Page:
NASA scrubbed a test flight on Monday of its largest-ever rocket in a setback to the ambitious program to send humans back to the Moon and eventually to Mars.
"We don't launch until it's right," NASA administrator Bill Nelson said after an engine issue forced a cancellation of the launch from the Kennedy Space Center.
"This is a very complicated machine," Nelson said. "You don't want to light the candle until it's ready to go."
Alternative dates for the launch of the US space agency's uncrewed Artemis 1 mission are Friday and next Monday.
Blastoff had been planned for 8:33 am (1233 GMT) but was cancelled because of a temperature problem with one of the four RS-25 engines on the 322-foot (98-meter) Space Launch System (SLS) rocket.
NASA said a test to get one of the main engines to the proper temperature range for blastoff was not successful.
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Delays are "part of the space business," Nelson said, expressing confidence that NASA engineers will "get it fixed and then we'll fly."
Tens of thousands of people -- including US Vice President Kamala Harris -- had gathered near the Kennedy Space Center in Florida to watch the launch, which comes 50 years after Apollo 17 astronauts last set foot on the Moon.
"While we hoped to see the launch of Artemis 1 today, the attempt provided valuable data as we test the most powerful rocket in history," Harris tweeted. "Our commitment to the Artemis Program remains firm, and we will return to the Moon."
Stan Love, a veteran NASA astronaut, told reporters he was disappointed but "not really surprised."
"This is a brand new vehicle," Love said. "It has a million parts. All of them have to work perfectly."
The goal of the flight is to test the SLS and Orion crew capsule that sits on top. Mannequins equipped with sensors are standing in for astronauts.
Overnight operations to fill the orange-and-white rocket with more than three million liters of ultra-cold liquid hydrogen and oxygen were briefly delayed by a high risk of lightning.
Around 3:00 am, a potential leak was detected during the filling of the main stage with hydrogen, causing a pause. After tests, the flow resumed.
NASA engineers later detected the engine temperature problem and put a hold on the countdown before scrubbing the launch altogether.
The Orion capsule is to orbit the Moon to see if the vessel is safe for people in the near future. At some point, Artemis aims to put a woman and a person of color on the Moon for the first time.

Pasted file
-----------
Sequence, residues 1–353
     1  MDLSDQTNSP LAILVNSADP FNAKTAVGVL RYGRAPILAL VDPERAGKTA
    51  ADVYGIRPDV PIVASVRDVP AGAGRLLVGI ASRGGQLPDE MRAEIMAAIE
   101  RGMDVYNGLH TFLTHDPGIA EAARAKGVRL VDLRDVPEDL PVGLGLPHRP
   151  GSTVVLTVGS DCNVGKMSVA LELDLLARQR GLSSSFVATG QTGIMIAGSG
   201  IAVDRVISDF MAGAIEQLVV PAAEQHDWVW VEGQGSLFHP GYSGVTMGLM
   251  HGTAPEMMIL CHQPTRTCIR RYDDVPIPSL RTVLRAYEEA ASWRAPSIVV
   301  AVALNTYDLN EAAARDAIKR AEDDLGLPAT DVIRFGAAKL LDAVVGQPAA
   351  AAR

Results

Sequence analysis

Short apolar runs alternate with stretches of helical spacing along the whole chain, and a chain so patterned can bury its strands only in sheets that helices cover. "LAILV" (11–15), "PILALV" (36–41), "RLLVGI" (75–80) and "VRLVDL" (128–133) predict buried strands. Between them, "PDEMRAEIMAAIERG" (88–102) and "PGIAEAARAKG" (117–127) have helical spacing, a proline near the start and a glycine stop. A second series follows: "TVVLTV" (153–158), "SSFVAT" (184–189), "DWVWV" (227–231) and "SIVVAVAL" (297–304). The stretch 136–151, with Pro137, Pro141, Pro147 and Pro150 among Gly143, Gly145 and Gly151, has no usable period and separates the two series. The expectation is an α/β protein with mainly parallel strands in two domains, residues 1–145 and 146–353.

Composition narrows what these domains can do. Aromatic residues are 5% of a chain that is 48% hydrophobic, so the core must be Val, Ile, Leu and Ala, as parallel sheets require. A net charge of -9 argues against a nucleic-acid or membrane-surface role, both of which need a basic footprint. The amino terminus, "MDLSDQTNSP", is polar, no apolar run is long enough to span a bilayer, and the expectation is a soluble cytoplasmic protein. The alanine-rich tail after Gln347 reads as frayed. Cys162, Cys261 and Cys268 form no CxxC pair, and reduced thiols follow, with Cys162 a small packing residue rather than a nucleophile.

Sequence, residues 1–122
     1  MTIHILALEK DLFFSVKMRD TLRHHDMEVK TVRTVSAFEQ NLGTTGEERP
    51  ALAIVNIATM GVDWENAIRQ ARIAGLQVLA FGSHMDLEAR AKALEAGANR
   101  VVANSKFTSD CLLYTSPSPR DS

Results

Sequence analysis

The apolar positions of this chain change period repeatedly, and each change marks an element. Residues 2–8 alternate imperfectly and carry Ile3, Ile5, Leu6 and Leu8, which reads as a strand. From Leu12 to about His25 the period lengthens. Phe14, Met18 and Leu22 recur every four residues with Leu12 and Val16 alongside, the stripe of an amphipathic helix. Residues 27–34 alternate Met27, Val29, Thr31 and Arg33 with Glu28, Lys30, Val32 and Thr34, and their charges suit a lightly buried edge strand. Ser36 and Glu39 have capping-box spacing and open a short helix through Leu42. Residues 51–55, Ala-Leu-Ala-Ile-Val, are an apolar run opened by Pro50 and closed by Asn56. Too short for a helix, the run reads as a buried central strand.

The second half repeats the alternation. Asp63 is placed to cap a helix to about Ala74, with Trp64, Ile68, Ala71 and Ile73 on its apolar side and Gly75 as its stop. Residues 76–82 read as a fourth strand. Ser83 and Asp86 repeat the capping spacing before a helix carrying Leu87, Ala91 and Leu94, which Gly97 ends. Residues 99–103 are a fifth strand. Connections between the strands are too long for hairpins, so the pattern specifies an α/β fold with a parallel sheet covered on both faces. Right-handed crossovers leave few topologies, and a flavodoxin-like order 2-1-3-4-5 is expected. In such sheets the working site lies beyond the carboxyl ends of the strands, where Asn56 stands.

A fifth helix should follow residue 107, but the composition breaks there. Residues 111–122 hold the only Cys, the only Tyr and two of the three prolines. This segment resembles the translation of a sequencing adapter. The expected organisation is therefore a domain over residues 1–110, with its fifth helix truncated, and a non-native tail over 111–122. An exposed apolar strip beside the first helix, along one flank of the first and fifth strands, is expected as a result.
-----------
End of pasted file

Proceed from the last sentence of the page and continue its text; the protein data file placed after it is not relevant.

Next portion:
During the 42-day trip, Orion will follow an elliptical course around the Moon, coming within 60 miles (100 kilometers) at its closest approach and 40,000 miles at its farthest -- the deepest into space by a craft designed to carry humans.
One of the mission's primary objectives is to test the capsule's heat shield, which at 16 feet in diameter is the largest ever built.
On its return to Earth's atmosphere, the heat shield will have to withstand speeds of 25,000 miles per hour and a temperature of 5,000 degrees Fahrenheit (2,760 degrees Celsius) -- roughly half as hot as the Sun.
Crewed mission to Mars
The dummies aboard the spacecraft will record acceleration, vibration and radiation levels.
The craft will also deploy small satellites to study the lunar surface.
NASA is expected to spend $93 billion between 2012 and 2025 on the Artemis program, which is already years behind schedule, at a cost of $4.1 billion per launch.
The next mission, Artemis 2, will take astronauts into orbit around the Moon without landing on its surface.
The crew of Artemis 3 is to land on the Moon in 2025 at the earliest.
And since humans have already visited the Moon, Artemis has its sights set on another lofty goal: a crewed mission to Mars.
The Artemis program aims to establish a lasting human presence on the Moon with an orbiting space station known as Gateway and a base on the surface.
Gateway would serve as a staging and refueling station for a voyage to Mars that would take a minimum of several months.